VSA’s Performance Pathway in 2017 has made impressive strides, with baseline testing, SPARQ and game conditioning. A combination of these new factors to the VSA travel program, has allowed huge improvements for injury prevention.
VSA has now structured a large part of player injury prevention on baseline fitness testing. Every player on that team records a score off the beep test, all scores are added together and then divided by the number of rostered players taking part in the beep test. Any players falling below the average, would then have their work to rest ratio lowered, and gradually would be pushed towards gaining match fitness, instead of isolated running causing high risk of injury, through fatigue and poor motor neuron response (muscles not being able to think as quickly as the brain acts!). It is then through the next round of baseline testing, that we would aim for that player to achieve the group average.
Statistically, VSA can show that out of over 700 registered travel players we only have had 9 total injuries this year (1.29%.) With the player and their well-being as the focal point of VSA’s methodology, it was vital the club would be able to quantify and monitor the physical demand placed on all players.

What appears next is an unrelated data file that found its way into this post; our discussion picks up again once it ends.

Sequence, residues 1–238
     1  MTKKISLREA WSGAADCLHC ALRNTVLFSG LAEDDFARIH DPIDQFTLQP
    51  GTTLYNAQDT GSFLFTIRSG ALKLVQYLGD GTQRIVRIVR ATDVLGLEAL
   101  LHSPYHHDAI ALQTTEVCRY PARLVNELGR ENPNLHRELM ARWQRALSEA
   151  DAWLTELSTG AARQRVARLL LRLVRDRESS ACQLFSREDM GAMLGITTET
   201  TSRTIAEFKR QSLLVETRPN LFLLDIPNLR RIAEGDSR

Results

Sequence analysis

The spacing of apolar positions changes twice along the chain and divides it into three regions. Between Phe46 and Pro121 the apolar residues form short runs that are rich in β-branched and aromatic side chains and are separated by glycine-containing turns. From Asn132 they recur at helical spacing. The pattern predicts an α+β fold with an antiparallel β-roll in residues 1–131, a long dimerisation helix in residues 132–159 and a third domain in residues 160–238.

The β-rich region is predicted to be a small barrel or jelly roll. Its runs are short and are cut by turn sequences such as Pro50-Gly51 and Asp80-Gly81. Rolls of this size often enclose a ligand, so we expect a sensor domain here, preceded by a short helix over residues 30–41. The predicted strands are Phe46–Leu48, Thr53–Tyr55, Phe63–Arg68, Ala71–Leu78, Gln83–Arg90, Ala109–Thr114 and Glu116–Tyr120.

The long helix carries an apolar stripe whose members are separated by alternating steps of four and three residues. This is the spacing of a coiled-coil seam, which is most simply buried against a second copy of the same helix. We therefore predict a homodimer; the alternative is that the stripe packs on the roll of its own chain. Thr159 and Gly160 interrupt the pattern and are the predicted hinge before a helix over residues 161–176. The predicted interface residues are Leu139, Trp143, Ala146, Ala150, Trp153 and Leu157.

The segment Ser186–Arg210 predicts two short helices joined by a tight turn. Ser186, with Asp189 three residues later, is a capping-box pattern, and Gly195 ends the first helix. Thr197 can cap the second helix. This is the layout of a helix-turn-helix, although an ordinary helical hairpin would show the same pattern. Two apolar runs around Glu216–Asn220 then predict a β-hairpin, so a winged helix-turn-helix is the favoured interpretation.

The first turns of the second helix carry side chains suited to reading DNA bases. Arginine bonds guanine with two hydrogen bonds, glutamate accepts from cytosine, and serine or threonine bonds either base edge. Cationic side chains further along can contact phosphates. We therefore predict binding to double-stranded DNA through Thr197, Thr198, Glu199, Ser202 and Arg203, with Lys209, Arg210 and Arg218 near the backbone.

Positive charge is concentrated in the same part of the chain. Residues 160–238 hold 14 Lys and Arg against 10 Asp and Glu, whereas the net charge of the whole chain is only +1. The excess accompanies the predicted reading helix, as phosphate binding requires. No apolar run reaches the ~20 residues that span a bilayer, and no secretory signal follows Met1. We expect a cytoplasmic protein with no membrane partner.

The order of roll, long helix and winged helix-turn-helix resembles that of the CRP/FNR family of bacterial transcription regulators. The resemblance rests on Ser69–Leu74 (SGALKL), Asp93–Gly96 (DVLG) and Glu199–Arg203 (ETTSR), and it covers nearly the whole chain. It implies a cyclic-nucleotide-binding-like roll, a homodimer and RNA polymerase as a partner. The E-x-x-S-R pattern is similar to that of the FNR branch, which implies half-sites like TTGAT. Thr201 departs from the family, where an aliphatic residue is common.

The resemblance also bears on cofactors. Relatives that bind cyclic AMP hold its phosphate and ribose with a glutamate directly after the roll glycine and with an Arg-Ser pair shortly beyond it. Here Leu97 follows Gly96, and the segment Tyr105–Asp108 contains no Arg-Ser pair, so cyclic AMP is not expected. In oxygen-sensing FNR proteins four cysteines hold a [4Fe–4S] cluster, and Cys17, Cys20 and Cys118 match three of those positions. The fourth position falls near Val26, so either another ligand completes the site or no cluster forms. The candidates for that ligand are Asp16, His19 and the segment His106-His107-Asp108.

This is due to a result of VSA travel coaches working diligently, gradually increasing players work load on game conditioning nights, and following the periodization training implemented after VSA Technical staff attended World Football Academy, ran by Raymond Verheijen, world class football coach, and conditioning expert.
As well as the focus on injury prevention, statistically, VSA can announce that every single baseline tested team, has improved their mean average baseline testing result by at least 1 level or more. This goes to show, that instead of the conventional isolated running (which, results have shown to leave players at high risk of injury) VSA’s game conditioning nights and SPARQ implementation has improved fitness levels gradually, and kept all injuries minimal.